Does Spice Expire? 62 Spices Tested

During kitchen spring cleaning, it’s common practice to discard old food that has passed its expiry. This ritual may reveal unused spices buried in the back of the pantry, long forgotten.

The question then arises – do spices expire? In this article, we’ll explore the expiration of spices, how to store them correctly, and how to determine if they’re still usable.

Do spices expire?

Most expired spices don’t go bad, so you’re unlikely to get sick eating them. However, they will lose their flavor, aroma, and potency over time. The end result is bland tasting food, so it’s usually best to replace expired spice with fresh replacements.

  • On average, you can expect whole spices to last 1-3 years stored correctly.
  • Ground spices and herbs will last for up to one year.
  • Most fresh spices should be consumed in 1-2 weeks.

The expected life of 62 spices

So how long do spices last? We’ve compiled a list of common spices to give you an indication of whether that old turmeric is ready for the bin.

SpiceExpected Life
Ajowan2-3 years
Akudjura2-3 years
Alexanders1 year
AllspiceUp to 3 years
AmchurUnder 12 months
Angelica seedUp to 2 years
Anise seedUp to 3 years
Annatto seedUp to 3 years
AsafetidaUp to 1 year
BarberryUp to 1 year
Bay leafUp to 3 years
Bergamot12-18 months
CalamusUp to 3 years
CandlenutUp to 6 months
CarawayUp to 3 years
Cardamom - BrownUp to 3 years
Cardamom - GreenUp to 1 year
Celery seedUp to 1 year
ChiliUp to 2 years
Cinnamon2-3 years
Cassia2-3 years
ClovesUp to 3 years
Coriander seedUp to 2 years
CuminUp to 3 years
Curry leafUp to 1 year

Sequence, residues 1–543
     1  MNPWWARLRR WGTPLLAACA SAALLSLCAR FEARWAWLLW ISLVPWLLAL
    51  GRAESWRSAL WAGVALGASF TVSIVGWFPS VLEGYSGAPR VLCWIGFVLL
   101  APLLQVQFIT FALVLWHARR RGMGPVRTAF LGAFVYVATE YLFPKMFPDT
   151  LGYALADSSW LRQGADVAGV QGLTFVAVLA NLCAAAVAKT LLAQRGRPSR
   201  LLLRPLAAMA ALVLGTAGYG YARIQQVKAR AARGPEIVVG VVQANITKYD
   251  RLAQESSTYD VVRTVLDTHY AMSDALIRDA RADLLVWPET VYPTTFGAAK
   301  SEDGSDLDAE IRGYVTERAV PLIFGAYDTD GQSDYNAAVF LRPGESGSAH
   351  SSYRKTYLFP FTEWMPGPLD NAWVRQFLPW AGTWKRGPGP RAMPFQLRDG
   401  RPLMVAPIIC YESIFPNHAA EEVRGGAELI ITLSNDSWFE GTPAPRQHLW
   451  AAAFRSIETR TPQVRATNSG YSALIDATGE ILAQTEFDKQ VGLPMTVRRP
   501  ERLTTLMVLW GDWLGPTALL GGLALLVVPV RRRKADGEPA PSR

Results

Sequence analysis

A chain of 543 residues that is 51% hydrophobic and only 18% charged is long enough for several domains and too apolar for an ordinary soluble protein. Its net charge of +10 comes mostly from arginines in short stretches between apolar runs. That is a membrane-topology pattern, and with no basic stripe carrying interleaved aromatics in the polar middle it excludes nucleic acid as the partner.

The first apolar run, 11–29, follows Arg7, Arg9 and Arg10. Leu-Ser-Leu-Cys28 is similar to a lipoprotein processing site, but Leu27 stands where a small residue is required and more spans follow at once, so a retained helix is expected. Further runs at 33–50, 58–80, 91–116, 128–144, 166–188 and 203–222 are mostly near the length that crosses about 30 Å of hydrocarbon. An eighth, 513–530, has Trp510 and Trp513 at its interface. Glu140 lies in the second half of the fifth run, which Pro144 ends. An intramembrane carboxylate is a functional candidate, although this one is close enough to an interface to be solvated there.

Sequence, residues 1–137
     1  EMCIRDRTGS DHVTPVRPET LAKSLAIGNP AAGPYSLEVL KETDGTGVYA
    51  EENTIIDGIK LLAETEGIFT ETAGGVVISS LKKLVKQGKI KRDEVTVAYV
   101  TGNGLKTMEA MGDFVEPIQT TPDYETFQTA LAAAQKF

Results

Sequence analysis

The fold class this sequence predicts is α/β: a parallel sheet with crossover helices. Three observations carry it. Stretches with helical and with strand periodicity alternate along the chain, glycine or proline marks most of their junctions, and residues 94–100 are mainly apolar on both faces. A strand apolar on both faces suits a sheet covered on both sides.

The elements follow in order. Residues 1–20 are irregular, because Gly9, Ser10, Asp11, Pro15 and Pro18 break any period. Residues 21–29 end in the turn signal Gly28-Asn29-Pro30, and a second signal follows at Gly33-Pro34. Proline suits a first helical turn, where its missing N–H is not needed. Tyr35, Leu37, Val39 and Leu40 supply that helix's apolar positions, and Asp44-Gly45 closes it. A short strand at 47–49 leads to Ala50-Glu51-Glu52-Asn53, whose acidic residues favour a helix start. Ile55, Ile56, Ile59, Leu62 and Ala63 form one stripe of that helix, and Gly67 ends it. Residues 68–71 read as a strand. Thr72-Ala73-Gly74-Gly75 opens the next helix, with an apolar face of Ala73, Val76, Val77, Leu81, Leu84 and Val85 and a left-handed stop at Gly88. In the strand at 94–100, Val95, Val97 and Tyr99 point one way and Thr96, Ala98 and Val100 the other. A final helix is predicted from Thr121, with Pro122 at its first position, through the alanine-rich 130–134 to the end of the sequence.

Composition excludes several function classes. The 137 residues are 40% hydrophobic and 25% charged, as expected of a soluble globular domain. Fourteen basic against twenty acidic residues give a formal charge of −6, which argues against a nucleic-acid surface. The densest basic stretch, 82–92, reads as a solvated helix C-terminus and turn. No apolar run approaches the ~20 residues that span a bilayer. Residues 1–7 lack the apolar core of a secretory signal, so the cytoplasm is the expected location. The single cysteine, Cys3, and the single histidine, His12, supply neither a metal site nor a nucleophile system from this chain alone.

Dill seedsUp to 3 years
ElderberryUp to 3 years
Fennel seedsUp to 3 years
FenugreekUp to 3 years
File powder1-2 years
Galangal2-3 years
Garlic powderUp to 3 years
GingerUp to 1 year
Grains of paradiseUp to 1 year
Horseradish powder1-2 years
Juniper2-3 years
Kokam2-3 years
Licorice rootUp to 3 years
MaceUp to 3 years
MahlabUp to 1 year
Marjoram1-2 years
MasticMore than 3 years
Mustard seedsMore than 3 years
NigellaUp to 3 years
NutmegMore than 3 years
NutmegMore than 3 years
Oregano1-2 years
Paprika2-3 years
PepperUp to 3 years
Poppy seedUnder 1 year
Safflower1-2 years
Saffron2-3 years
SaltMore than 3 years
SesameUnder 1 year
SpikenardMore than 3 years
Star aniseMore than 3 years
Sumac1-2 years
Tonka beanMore than 3 years
Turmeric1-2 years
Vanilla1-2 years
Wattleseed2-3 years
ZedoaryMore than 3 years

Factors affecting a spice’s life expectancy

Spices only stay fresh when stored correctly. It’s best to keep them in a cool, dry location in an airtight container. Be sure to check out our in-depth article on how to store spices to get more tips and advice.

Even if they’re stored properly, moisture can find its way into spices when you’re cooking. The biggest reasons are usually steam from pots and liquid from a spoon during scooping. Always shake spices into food away from steaming pots and pans and use a dry utensil to scoop.

How can you tell if a spice has expired?

Color is often a giveaway of your spice’s age. Vibrant red or orange powder that has turned dull brown should be replaced. You can also rub some seasoning in your hand and smell it; if there is no fragrance, then toss it out.

Colorful spice piles on a bench.
Be wary of spices that have lost their vibrant color.

How to revive an old spice

Before you discard spices that have gone bad, consider these tips.

  • Try blooming the spice by frying it in hot oil just before cooking. In some cases, heat will release the fragrance and flavor.
  • Toast spice powders in a pan on a medium-low heat without any oil. Stir continuously until you smell an aroma, then remove from the heat and return to the jar until needed. This hack is a good option for curry powder and spice blends.

Interesting reading:
How much spice to use in cooking
How to use spices in your next recipe

Summing up

Spices lose their potency over time, but they are often safe to consume for several years past their expiration date. Many factors affect a spice’s life, like humidity, temperature, packaging, light, and treatment during cooking.

Generally, expect 1-3 years of life from commercially packaged whole spices and up to one year for ground spices. Proper storage and handling can help extend their shelf life.

Some ingredients high in oil may go rancid well before a year, such as sesame seeds. A simple smell test will let you know how they’re keeping.


Hot Topics

Related Articles